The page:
Peeping Inside the Big Top

By Emily Kemme

Teaching the Art of Circus at Fort Collins Circus Center

Circuses capture our imagination with glittering pageantry and feats of strength. The jargon itself—“juggling a schedule,” “walking a tightrope” and describing our very human actions as “balancing acts,” weaves the long-practiced art of circus into our cultural cloth.

Addressing the question of what is a circus, the National Endowment for Teaching the Art of Circus at Fort Collins Circus Center the Arts includes these spectacular feats in a folk and traditional arts category, underscoring how they “speak to family and community, inter-generational transmission of knowledge, and shared language, culture, and history.”

The founders of Fort Collins Circus Center (FC3), Jes L. Schultz and Lindy Zuroski, along with their staff, work to further those ideas, offering classes for a range of skill levels.

Beginning as early as preschool gym, tots ages 2.5 to 5 years can learn to tumble and fly. Children also engage in listening games, navigate obstacle courses, hang on apparatuses and more. Part of learning includes time spent understanding how to cooperate with others.

As skills increase, older students learn dance, yoga, aerial sling, Lyra—the metal hoop from which aerial acrobats execute precise movements while suspended from heights—as well as silks, hula hooping and more.

Programs at FC3 differ from dance, gymnastics or yoga—they literally take things up a level, Zuroski says. While other exercise disciplines are embedded in the curriculum, circus arts are notable because they often take place off the floor. Yoga is a big part of learning as well.

Before an artist can fly through the air or roll down from the top of a pole wrapped in fabric, “students need to know where their hips are facing in the air,” she explains.

“Yoga is about alignment and direction of energy: how do you arrange your muscles to make your bones fit in specific alignment?”

Students learn how to position their legs in any direction while keeping their hips facing a certain way.

“When you put artists in the air, you don’t have ground to stand on, so you need to know where your leg is in relation to your hips,” Schultz says. “You’re moving in space, you’re flying in the air. You can’t control your body in the fabrics unless you know how to engage your muscles to control the relationship between your hips and your legs.”

She says it takes at least 10 classes for children to get the concept: An adult will typically get it in one class.

Building physical strength is emphasized, but circus discipline also teaches mental strength.

“Circus arts teach students to take risks in a safe place, and that success doesn’t always come right away,” she says. “It teaches dedication, determination, resilience and helps people learn how to deal with pain that’s both physical and mental—the pain of failure. They learn to be okay with it and try again.”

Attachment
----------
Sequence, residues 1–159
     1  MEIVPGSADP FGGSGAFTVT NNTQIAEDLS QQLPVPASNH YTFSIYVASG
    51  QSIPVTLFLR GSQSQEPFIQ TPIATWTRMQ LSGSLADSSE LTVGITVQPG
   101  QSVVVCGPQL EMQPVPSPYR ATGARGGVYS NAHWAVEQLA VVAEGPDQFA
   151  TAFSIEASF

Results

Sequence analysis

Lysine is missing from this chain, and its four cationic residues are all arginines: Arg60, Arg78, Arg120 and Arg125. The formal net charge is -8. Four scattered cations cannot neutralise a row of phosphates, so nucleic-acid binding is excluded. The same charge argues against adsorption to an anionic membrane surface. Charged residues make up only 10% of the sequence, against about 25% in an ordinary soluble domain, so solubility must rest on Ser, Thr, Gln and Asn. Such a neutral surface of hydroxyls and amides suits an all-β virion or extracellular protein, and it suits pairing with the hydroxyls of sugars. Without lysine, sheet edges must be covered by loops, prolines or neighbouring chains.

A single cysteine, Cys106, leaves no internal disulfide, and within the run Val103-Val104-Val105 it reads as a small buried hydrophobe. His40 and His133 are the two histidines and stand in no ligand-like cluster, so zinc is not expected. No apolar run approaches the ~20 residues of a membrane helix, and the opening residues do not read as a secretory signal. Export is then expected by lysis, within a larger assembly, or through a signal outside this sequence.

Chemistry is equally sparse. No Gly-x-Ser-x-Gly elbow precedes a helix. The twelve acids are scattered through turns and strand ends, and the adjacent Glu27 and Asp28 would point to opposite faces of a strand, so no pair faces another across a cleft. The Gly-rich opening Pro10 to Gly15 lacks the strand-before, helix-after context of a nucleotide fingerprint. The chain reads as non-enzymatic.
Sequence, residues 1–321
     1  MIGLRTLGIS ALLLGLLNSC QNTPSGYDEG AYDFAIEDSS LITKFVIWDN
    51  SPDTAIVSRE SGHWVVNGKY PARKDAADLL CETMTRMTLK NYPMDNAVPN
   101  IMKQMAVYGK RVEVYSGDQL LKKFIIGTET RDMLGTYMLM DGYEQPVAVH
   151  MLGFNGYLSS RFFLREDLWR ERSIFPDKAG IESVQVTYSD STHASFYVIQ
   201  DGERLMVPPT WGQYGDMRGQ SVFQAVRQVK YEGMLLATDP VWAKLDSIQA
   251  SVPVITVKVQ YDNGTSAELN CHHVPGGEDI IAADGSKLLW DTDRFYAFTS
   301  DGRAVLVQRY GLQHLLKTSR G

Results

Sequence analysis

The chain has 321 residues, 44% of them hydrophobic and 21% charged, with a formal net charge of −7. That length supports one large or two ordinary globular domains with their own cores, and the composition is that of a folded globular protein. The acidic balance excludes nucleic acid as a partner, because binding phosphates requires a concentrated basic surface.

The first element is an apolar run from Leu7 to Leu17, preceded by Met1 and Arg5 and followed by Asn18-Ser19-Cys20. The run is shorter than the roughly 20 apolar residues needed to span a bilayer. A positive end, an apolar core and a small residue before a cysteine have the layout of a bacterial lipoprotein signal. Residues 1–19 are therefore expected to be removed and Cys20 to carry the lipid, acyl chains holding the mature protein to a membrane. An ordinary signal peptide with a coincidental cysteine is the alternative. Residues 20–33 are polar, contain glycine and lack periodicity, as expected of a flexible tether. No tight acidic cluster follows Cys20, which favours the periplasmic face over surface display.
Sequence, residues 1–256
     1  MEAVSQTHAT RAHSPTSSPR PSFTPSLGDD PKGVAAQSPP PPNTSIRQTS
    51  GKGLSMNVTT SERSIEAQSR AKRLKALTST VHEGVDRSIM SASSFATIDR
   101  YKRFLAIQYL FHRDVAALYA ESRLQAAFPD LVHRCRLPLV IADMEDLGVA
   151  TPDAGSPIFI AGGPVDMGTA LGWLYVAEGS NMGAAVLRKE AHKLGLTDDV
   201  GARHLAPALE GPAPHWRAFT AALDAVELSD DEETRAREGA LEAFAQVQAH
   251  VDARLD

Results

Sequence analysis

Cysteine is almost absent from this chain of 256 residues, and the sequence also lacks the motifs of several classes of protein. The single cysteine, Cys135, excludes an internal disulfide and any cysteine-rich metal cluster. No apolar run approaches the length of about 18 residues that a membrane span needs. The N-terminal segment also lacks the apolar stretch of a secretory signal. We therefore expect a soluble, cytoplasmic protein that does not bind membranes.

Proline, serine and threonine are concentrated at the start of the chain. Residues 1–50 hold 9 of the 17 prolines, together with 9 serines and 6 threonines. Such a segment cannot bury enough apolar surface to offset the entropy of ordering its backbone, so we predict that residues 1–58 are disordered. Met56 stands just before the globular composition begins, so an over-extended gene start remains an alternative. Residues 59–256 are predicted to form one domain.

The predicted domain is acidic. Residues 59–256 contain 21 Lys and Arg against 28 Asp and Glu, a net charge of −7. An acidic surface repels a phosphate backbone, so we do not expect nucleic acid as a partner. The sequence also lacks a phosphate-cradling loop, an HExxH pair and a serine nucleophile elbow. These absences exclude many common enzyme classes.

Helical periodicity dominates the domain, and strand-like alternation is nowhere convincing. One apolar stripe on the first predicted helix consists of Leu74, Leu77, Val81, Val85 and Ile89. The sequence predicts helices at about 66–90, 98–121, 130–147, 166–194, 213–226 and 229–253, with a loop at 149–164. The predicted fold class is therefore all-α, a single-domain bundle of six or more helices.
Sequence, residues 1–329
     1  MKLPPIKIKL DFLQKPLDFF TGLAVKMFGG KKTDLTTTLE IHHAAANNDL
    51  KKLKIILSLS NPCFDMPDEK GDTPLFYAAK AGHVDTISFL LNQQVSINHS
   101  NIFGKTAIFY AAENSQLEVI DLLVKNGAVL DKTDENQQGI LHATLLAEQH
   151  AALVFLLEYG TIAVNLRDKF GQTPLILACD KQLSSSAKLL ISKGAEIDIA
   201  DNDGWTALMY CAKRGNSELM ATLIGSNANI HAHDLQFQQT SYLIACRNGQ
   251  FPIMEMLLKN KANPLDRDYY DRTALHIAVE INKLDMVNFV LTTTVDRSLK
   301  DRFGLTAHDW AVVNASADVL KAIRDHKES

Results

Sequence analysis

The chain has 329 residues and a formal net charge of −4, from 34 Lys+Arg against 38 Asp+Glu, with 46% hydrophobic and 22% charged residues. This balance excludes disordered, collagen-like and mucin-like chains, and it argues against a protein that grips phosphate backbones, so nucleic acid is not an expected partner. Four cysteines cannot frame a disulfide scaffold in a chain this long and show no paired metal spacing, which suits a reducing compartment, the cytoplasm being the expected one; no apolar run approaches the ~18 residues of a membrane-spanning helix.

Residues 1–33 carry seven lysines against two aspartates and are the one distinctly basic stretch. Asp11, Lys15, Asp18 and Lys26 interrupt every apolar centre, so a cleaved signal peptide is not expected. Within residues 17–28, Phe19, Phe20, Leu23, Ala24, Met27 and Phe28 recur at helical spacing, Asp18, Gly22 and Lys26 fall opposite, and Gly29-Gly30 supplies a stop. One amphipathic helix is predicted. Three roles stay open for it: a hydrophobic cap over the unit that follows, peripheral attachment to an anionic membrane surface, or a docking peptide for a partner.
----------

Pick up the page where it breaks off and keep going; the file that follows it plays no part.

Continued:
Zuroski, who is a clinical pharmacist and goes by the name Duchess in the circus community, was intrigued by circus art training and decided to pursue circus arts to enhance her mental health and wellness.

“My vocation of clinical pharmacy is intense work and a lot of responsibility. Circus gave me a new way of becoming strong and to express myself with music and movement, which is not what I do in my normal 40-hour week,” she says.

She took up the discipline in 2012 after picking up a hula hoop; she followed that by learning tricking and dance flow. By 2014, she’d started spinning fire and by 2016 was performing with Schultz.

Zuroski is amazed by her physical ability now, and at 57, says she’s not done learning.

She finds Schultz’s teaching non-intimidating. Schultz, who brings 23 years of experience in gymnastics, dance and yoga disciplines, was introduced to circus arts through aero-yoga, which can include balancing people on top of people.

Along with the physical nature of circus, one FC3 program centers on community outreach. Called Evolution Circus, the troupe of youths ages 11-18 work to bring the joy of circus arts to the community. Together, they choreograph pieces and learn how to make group decisions, including accepting differences of opinion, Schultz says. The troupe also obtains their own gigs and arranges events.

In addition to circus classes, summer camps and children’s workshops, FC3 provides professional circus entertainment for events, showcasing aerialists, stilt walkers, jugglers, hula hoopers and acrobatics. Performers are also available for birthday parties and can bring portable aerial rigs for high acts.


Schultz offers these basic instructions:

Hula hoop from neck to waist: Spin a hula hoop around your neck. Once you can spin comfortably, when you see the circle of the hoop in front of your body, lift your arms straight into the air in that space. The hoop will move from your neck and down your body, transitioning from neck to your waist.

Juggling: Start with two balls, throwing each ball to the opposite hand and making sure balls reach the same height. Establish this rhythm—throw, throw, catch, catch. Both balls will be in the air at the same time.